Last night, I read an article about Alex Griffith, a young American Boy Scout whose eagle project involved building a playground at the Russian hospital where he was born and then adopted from some sixteen years ago. Alex spent 2 1/2 years and raised $60k for the project. The help of nearly five hundred volunteers from five countries was solicited using a broad, web based campaign according to an article in a National Eagle Scout Association newsletter.
This story hit me as an amazing sign of just how global the economy has become and, in particular, how much more open Russia has become as a nation. When I did my Eagle project twenty eight years ago, it was at the Bath Community Center five miles down the road (how lame is that?). I had a highschool friend from Russia at the time, whose parents had escaped the country with him years earlier. Every time I called, his parents would give me the third degree and they were always paranoid that the KGB could knock on the front door of their American home at any moment. I marveled at his retelling of how they left everything behind in Russia, smuggling only cash by wrapping individual bills in cigarette cartons. In planning for a highschool reunion ten years ago, I called the house once again and his parents still gave me the third degree. “How did I know Eugene?”, they asked, revealing little else. Eugene didn’t attend that reunion, but made it to the one five years later.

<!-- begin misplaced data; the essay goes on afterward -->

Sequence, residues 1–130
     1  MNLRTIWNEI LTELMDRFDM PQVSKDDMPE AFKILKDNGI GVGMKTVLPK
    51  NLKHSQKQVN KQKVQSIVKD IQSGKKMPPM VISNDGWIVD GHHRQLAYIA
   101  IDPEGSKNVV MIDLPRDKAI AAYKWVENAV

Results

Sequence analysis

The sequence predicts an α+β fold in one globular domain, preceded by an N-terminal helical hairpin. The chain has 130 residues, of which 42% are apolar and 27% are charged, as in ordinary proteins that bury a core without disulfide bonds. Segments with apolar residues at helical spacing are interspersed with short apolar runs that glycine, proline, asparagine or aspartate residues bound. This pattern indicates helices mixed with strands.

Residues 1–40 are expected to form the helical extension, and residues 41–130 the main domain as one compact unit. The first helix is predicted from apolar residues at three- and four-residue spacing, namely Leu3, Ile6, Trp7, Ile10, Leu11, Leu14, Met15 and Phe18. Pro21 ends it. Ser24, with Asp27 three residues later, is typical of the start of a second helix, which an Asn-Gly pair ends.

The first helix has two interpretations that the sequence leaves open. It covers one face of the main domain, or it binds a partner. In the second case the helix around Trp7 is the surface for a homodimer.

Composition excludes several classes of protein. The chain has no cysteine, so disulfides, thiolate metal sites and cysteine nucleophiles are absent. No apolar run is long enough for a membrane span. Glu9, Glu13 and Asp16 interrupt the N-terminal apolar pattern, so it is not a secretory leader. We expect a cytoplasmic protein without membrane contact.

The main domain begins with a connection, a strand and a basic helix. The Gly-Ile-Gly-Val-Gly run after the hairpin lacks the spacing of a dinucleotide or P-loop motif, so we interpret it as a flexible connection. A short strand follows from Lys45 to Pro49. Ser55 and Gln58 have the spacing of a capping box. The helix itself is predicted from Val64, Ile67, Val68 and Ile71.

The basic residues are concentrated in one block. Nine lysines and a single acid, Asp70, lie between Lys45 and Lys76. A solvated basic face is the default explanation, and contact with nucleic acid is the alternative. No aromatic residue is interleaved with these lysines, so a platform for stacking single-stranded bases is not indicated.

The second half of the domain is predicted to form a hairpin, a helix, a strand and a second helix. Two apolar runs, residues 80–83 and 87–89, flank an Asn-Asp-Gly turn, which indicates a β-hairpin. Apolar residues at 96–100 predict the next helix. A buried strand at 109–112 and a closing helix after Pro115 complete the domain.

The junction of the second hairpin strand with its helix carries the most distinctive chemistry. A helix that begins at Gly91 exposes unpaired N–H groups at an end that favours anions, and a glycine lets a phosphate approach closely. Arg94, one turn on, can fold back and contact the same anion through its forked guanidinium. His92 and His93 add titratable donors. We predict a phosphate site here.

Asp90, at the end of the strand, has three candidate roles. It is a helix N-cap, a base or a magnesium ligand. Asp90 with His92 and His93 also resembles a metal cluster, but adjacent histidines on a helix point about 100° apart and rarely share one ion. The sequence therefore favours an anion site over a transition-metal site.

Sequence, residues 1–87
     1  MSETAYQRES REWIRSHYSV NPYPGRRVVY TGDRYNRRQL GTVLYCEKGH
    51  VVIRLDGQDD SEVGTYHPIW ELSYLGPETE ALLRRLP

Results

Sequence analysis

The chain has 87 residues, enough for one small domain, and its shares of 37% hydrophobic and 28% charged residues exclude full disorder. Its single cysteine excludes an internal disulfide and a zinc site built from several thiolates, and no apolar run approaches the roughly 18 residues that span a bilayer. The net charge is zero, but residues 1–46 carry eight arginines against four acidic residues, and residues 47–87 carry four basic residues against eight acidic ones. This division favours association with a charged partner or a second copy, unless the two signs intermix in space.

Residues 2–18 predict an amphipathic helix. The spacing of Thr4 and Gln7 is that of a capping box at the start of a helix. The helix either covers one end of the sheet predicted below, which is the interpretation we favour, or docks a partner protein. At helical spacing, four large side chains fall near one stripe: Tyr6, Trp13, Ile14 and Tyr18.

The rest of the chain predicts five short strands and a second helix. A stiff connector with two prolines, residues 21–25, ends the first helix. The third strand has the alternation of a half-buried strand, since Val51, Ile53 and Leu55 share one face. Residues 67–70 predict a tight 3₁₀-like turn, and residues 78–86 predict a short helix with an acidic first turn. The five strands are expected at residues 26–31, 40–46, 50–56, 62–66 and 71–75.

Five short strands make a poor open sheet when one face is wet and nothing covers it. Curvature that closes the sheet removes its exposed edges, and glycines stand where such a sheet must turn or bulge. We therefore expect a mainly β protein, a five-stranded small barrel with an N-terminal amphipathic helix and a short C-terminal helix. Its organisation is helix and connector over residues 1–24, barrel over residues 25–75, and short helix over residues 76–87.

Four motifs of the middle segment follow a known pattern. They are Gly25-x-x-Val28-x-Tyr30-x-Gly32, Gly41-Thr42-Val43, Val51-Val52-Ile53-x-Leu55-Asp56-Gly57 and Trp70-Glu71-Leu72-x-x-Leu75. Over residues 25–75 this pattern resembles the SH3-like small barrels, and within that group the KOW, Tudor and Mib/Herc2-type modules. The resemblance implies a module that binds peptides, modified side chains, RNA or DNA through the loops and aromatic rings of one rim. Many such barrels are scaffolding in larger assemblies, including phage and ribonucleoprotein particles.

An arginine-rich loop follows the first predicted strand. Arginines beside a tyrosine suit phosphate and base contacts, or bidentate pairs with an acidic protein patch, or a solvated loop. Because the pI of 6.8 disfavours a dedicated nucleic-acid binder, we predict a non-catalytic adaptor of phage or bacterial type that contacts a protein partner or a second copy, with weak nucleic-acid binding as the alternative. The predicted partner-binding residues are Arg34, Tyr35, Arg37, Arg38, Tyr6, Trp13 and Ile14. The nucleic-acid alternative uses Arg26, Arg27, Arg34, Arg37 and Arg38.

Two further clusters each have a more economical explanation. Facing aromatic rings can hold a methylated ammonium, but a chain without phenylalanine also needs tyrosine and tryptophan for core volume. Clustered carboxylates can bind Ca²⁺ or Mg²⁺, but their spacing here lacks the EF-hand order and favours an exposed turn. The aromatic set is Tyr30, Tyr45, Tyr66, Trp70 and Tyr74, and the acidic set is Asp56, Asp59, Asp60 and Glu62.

It’s also interesting to think about the impact that international adoptions might have on the global economy a generation into the future as these youngsters grow up and seek to reestablish contact with their homelands. As I age, everything seems so much smaller than it once was…the elementary school where I played dodgeball for the first time, the highschool where I met my first date, and now even the college I attended, where I had my first of many beers.
Now, it seems that even the world is becoming that way too.